"Five studies were identified that looked at prevention of methamphetamine use, ecstasy use, cocaine use and general drug use. Evaluated preventive interventions were family-centred programmes; school-based interventions; screening, brief intervention and referral to treatment (SBIRT); and motivational interviewing. The first four were evaluated in a universal population whereas motivational interviewing was evaluated in an at-risk or indicated population.

"Hajizadeh et alReference Hajizadeh, Stevens, Applegate, Huang, Kamboukos and Braithwaite24 evaluated a family-centred intervention, ParentCorps, comparing it with a standard pre-kindergarten programme by using a model that simulated pre-kindergarten children over a lifetime. The societal perspective included healthcare (obesity, diabetes and drug use related), judiciary and productivity in addition to intervention costs. ParentCorps was shown to have a savings of US$4703 and an additional 0.27 QALYs.Reference Hajizadeh, Stevens, Applegate, Huang, Kamboukos and Braithwaite24 In the USA setting, an economic evaluation alongside an RCT evaluated the cost-effectiveness of a family-based intervention, Iowa Strengthening Families Program (ISFP), and a school-based intervention, LST, or a combination thereof, in preventing methamphetamine use. Guyll et alReference Guyll, Spoth and Crowley23 undertook economic analyses using both CEA and CBA. The perspective taken was from the employer and included productivity-related costs in addition to employer-funded healthcare costs. The CEA utilised a 5.5- to 6.5-year time horizon, whereas the modelled CBA evaluated a career-duration time horizon (from 18 to 65 years). ISFP, LST and a combination of LST and an adaptation of ISFP (SFP:10–14 + LST) were found to be effective and cost-effective under CBA. ICERs reported for CEA were US$31 664 (ISFP), US$6377 (LST) and US$78 206 (SFP:10–14 + LST) per past-year methamphetamine use case prevented. Modelled CBA results showed positive benefit–cost ratios of 3.84 (ISFP), 19.04 (LST) and 1.56 (SFP:10–14 + LST).Reference Guyll, Spoth and Crowley23 Another school-based intervention, Social and Emotional Training (SET), was evaluated by Klapp et al in seventh to ninth grade students over 5 years. The study reports an intervention cost of US$596 per student and a benefit of US$8292 from avoided social burden of drug use, equivalent to US$13.9 per dollar spent.Reference Klapp, Belfield, Bowden, Levin, Shand and Zander26 The final universal prevention study evaluated SBIRT compared with no SBIRT, under a healthcare perspective CBA for adults. The study reports annual cost-savings equal to a ratio of US$16 per dollars spent.Reference Paltzer, Moberg, Burns and Brown29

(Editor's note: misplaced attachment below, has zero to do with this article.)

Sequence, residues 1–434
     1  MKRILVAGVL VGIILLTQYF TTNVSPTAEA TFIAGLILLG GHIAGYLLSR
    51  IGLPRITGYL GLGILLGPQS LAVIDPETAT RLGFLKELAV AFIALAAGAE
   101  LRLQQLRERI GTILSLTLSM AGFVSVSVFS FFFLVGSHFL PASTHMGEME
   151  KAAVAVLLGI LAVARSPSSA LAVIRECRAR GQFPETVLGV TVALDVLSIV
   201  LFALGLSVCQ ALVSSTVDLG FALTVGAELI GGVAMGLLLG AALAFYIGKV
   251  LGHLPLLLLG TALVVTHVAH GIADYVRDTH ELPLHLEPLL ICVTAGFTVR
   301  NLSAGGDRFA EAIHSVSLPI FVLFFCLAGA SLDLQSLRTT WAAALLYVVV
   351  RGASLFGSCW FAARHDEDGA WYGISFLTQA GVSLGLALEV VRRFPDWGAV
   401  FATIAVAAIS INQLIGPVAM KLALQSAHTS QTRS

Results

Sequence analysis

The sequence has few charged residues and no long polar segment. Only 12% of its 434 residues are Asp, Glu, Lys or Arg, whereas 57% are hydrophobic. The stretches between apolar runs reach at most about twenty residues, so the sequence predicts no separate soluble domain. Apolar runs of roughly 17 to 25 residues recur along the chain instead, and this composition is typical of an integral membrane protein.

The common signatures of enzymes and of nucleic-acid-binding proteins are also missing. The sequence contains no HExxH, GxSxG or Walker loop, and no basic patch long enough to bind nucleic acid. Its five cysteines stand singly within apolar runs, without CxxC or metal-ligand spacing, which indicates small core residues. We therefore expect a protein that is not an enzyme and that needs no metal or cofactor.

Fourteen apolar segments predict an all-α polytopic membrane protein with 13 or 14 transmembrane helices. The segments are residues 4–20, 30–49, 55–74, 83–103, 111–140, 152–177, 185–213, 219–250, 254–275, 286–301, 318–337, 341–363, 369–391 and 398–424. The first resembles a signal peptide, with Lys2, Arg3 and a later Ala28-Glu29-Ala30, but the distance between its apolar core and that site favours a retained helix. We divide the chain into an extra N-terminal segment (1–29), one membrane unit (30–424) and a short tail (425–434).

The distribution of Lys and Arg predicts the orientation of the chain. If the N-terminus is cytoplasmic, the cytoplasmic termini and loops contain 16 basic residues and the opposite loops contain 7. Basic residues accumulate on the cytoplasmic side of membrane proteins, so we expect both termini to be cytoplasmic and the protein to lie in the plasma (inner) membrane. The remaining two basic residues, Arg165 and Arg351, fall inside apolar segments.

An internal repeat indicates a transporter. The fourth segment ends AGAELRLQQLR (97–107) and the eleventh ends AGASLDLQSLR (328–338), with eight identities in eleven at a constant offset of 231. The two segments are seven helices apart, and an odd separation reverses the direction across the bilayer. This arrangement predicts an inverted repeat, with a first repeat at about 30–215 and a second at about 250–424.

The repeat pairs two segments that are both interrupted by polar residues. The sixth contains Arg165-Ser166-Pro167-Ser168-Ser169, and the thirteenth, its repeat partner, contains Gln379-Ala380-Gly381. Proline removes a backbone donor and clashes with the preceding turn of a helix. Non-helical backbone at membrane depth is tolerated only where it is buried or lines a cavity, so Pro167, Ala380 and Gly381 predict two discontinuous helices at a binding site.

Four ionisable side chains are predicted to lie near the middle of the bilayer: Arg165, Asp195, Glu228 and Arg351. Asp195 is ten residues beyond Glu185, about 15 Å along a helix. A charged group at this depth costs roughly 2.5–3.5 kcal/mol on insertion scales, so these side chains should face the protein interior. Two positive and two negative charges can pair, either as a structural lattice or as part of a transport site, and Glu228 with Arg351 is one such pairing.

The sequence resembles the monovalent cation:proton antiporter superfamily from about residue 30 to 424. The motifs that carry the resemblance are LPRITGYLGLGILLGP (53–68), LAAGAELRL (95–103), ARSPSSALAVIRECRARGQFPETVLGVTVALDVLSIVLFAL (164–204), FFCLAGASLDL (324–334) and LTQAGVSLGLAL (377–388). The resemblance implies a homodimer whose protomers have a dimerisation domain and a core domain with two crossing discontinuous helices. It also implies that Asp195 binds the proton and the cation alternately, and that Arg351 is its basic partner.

"Pennington et alReference Pennington, Collins, Leigh, Martin, Owen and Fischer30 assessed motivational interviewing for at-risk young gay and bisexual men, and a family-based intervention for newly homeless youth for cocaine use prevention. The modelling used a partial public sector perspective by including healthcare and criminal justice sector costs over a 2-year time horizon. Costs in the model included intervention, criminal justice and cocaine dependence treatment costs (including cocaine-specific hospital admission and cocaine-related cardiovascular treatment). Two motivational interviewing interventions were evaluated against educational videos in gay men. ICERs reported for the motivational interviewing interventions were US$698 549 and US$306 455 per QALY gained. The family intervention was evaluated against standard care by modelling a homeless youth population, and reported an ICER of US$1 500 422 per QALY gained.Reference Pennington, Collins, Leigh, Martin, Owen and Fischer30

"In the Pennington et alReference Pennington, Collins, Leigh, Martin, Owen and Fischer30 study, a targeted prevention strategy, motivational and cognitive behavioural intervention, was modelled for prevention of ecstasy use in people who occasionally use illict drugs. The intervention was modelled over a 1-year time horizon and included similar costs as mentioned previously. The intervention resulted in a ICER of US$731 622 per QALY gained.Reference Pennington, Collins, Leigh, Martin, Owen and Fischer30"


Faller J, Le LK-D, Chatterton ML, et al. A systematic review of economic evaluations for opioid misuse, cannabis and illicit drug use prevention. BJPsych Open. 2023;9(5):e149. doi:10.1192/bjo.2023.515